HR & Culture
 min read

Guaranteeing Customer Satisfaction with Fast-Paced Software Development

Guaranteeing Customer Satisfaction with Fast-Paced Software Development
March 23, 2020

In this article

The days when software teams needed weeks, or even months, to make changes available to customers are way behind us. Our customers, and customers everywhere, want seamless user experience, and want to see improvements and new features as fast as humanly  possible. Here at SwagUp, we aim to exceed the expectations of all of our clients.

You may be asking, how is this possible? We know that developing software is challenging, and to deliver quality software fast is even harder. However, with our strong team of talented developers, we’ve got that covered!

Amazon Web Services (AWS)

Instead of going for the old, bulky, hard to maintain traditional on-premises servers, we chose to deploy all of our infrastructure in the cloud. Of course, this is awesome to us, the “tech-people,” but how does this benefit you, our customer? Read on to learn more! 

  1. Reliability: By deploying our infrastructure to the cloud, we can guarantee that no “act of God”  can interrupt our service (aka, “that guy who was walking by and accidentally unplugged our servers, and now everything is figuratively on fire”). Everything runs through AWS servers, and, as soon as one machine fails, it’s replaced by another, with very short downtime.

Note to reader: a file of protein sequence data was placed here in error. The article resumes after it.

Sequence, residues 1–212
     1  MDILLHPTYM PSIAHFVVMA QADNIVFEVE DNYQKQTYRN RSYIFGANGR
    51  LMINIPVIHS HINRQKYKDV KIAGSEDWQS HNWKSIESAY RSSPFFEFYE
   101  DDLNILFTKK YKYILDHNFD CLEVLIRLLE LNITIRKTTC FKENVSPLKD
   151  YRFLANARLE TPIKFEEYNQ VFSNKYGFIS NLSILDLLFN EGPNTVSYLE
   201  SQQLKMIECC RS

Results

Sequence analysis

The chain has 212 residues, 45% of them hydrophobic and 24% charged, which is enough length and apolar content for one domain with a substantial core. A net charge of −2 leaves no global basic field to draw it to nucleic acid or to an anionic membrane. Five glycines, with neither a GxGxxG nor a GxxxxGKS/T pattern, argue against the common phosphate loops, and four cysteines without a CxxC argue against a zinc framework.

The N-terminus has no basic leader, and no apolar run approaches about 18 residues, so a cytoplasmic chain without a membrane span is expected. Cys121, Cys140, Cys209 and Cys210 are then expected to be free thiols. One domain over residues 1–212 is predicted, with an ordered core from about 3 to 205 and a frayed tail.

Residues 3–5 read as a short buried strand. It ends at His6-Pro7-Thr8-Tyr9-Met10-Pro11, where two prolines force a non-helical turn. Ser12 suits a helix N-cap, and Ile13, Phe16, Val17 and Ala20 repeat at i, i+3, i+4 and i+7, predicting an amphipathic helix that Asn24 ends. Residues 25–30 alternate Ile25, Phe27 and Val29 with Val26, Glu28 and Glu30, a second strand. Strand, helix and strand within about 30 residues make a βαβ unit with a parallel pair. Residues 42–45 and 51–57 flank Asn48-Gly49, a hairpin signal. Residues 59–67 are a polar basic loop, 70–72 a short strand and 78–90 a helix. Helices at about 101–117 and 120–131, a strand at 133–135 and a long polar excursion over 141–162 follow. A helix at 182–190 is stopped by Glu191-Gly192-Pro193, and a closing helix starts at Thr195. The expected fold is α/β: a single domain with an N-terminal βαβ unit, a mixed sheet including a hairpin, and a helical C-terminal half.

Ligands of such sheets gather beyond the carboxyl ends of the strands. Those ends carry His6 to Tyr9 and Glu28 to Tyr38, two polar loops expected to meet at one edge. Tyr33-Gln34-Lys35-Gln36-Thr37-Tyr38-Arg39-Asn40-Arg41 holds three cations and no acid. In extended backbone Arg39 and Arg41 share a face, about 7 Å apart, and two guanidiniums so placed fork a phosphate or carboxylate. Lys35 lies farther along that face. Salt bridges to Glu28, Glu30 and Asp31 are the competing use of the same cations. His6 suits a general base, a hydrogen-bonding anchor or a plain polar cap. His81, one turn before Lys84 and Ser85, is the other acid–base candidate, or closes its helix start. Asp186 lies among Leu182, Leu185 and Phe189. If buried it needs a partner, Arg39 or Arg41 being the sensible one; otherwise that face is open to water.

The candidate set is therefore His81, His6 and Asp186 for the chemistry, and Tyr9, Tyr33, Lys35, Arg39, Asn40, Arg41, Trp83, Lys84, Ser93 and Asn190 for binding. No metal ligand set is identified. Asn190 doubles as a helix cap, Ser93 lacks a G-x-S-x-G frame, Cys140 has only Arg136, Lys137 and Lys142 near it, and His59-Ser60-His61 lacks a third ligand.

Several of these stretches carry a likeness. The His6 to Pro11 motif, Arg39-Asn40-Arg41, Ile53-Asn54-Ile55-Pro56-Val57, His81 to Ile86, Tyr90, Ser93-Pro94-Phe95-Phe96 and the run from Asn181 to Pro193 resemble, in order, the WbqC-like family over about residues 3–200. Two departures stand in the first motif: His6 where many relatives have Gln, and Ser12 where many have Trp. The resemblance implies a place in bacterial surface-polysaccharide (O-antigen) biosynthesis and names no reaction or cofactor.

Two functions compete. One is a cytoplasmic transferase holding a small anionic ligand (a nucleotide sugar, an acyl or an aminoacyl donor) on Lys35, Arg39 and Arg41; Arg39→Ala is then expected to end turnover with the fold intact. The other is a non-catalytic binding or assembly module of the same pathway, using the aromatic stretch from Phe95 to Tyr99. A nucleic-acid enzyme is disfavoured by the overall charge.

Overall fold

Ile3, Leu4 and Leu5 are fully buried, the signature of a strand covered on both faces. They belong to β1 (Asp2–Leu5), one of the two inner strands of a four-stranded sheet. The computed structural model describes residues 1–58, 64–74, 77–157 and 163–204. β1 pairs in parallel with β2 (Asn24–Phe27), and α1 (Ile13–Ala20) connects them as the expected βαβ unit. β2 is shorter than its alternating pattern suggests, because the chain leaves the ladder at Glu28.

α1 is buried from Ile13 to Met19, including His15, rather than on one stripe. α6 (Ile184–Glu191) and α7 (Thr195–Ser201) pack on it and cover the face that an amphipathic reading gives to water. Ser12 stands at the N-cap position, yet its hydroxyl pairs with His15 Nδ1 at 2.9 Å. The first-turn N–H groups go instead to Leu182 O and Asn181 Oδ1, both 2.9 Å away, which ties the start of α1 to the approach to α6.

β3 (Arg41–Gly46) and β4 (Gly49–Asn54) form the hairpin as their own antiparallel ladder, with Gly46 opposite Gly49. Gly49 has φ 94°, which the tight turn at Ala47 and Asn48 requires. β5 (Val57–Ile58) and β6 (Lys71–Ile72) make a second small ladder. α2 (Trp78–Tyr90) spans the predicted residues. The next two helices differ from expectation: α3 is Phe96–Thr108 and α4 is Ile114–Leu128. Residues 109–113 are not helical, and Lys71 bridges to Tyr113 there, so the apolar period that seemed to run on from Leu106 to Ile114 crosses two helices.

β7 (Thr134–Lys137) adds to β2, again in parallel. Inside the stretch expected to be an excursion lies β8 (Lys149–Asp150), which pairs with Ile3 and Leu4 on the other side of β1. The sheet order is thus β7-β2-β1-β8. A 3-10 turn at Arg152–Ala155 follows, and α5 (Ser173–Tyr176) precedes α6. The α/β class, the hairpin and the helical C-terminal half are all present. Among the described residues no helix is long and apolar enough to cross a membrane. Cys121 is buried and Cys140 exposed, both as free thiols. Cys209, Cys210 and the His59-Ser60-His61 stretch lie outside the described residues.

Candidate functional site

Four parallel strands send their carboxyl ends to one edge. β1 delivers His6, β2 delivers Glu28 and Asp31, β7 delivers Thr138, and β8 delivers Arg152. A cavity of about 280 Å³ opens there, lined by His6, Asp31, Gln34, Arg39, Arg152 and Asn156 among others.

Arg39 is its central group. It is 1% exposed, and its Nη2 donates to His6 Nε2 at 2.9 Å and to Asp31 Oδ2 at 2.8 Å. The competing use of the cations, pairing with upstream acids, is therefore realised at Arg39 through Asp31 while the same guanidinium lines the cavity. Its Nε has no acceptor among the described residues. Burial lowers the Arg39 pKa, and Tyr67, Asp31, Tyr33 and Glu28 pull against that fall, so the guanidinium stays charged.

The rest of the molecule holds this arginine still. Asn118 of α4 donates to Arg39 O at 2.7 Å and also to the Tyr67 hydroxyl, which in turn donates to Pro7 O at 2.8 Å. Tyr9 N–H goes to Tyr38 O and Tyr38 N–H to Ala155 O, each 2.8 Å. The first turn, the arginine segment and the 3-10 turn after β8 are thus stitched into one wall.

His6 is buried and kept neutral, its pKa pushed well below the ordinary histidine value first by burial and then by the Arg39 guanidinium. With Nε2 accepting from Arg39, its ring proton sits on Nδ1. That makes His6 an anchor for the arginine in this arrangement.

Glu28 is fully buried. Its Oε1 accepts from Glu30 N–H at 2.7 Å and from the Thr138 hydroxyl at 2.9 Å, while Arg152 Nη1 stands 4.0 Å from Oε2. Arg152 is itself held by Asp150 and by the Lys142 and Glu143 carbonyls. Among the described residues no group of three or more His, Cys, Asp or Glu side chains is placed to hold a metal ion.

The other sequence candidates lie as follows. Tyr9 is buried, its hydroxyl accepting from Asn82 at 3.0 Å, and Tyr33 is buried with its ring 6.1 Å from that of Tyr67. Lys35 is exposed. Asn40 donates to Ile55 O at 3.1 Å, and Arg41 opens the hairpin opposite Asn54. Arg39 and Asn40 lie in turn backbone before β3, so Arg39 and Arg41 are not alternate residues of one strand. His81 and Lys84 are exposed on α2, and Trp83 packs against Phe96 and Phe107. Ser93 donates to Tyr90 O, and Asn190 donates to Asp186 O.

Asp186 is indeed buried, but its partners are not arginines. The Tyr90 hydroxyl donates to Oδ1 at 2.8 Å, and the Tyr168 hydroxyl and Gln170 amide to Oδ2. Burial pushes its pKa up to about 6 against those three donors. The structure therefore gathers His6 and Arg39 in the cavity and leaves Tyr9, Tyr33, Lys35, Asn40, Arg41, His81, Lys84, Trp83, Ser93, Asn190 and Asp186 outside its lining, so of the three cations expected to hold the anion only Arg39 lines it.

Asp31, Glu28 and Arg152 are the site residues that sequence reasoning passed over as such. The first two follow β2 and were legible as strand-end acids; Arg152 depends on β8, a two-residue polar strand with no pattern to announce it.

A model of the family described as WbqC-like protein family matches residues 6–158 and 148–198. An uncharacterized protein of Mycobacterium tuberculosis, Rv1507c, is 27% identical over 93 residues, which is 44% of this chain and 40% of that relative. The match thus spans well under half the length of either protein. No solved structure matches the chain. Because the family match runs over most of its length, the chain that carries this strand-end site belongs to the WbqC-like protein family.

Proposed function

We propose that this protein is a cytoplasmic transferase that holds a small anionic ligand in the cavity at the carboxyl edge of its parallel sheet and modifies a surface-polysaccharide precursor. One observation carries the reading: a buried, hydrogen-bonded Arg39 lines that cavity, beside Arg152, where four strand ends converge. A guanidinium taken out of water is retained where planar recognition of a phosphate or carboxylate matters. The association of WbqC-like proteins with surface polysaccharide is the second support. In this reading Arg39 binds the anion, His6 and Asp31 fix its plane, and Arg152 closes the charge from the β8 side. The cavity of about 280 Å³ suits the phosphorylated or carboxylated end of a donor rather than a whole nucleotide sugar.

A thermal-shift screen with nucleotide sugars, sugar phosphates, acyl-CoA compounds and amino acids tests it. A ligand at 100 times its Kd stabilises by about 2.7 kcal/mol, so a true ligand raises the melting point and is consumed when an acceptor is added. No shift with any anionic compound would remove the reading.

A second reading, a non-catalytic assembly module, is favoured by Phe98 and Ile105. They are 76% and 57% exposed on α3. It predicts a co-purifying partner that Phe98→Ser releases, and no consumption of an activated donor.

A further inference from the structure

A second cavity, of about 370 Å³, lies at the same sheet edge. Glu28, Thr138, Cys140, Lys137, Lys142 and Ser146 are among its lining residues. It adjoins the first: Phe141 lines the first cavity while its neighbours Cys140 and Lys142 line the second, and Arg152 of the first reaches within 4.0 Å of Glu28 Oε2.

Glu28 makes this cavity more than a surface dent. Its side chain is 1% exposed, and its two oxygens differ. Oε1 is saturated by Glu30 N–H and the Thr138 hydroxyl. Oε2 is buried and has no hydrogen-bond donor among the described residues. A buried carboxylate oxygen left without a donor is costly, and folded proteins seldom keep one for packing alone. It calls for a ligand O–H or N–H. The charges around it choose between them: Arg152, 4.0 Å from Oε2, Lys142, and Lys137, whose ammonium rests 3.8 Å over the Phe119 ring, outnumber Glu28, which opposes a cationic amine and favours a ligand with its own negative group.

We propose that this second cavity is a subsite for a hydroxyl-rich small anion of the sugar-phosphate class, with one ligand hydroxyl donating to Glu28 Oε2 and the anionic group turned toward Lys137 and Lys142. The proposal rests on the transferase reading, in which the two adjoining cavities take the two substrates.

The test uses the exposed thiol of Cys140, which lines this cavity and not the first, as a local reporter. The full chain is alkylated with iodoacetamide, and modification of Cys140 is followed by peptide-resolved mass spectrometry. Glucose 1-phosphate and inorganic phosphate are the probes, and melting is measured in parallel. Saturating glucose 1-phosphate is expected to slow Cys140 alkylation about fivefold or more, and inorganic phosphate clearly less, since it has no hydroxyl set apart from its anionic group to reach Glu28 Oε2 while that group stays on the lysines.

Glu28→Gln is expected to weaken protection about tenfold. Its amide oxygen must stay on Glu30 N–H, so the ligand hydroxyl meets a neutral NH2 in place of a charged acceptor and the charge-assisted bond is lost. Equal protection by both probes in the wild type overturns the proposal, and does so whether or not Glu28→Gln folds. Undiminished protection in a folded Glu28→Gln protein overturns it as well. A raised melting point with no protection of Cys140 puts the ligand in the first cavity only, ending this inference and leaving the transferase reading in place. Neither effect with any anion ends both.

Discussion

2. Scalability and Cost-Effectiveness: Being a relatively small company, paying several thousand dollars upfront to handle a load, which may or may not come, doesn’t make much sense to us. So, using AWS’ infrastructure, we can ensure that we have only the infrastructure necessary to handle the demands of our customers. No more, no less.
  3. Security: By running our applications on the AWS cloud, we ensure that all of the infrastructures comply with the latest security standards, so we can then concentrate solely on making your data safe with us.


At SwagUp, we have a lot of developers on our team. Maybe not as many as Google, but definitely more than your average “non-tech company!”  All of our developers are making changes to our code, and creating new versions of our software on a daily basis. If you didn’t believe me when I said that developing software wasn’t easy, trust me when I say that building and deploying that software is no walk in the park either.  A solution to this could be to hire a team whose sole job would be to build and deploy dozens of software versions daily. But, we don’t want to be responsible for ruining any lives, and it’s just counter-productive in the long run, as human error is inevitable. What to do then? Enter Jenkins…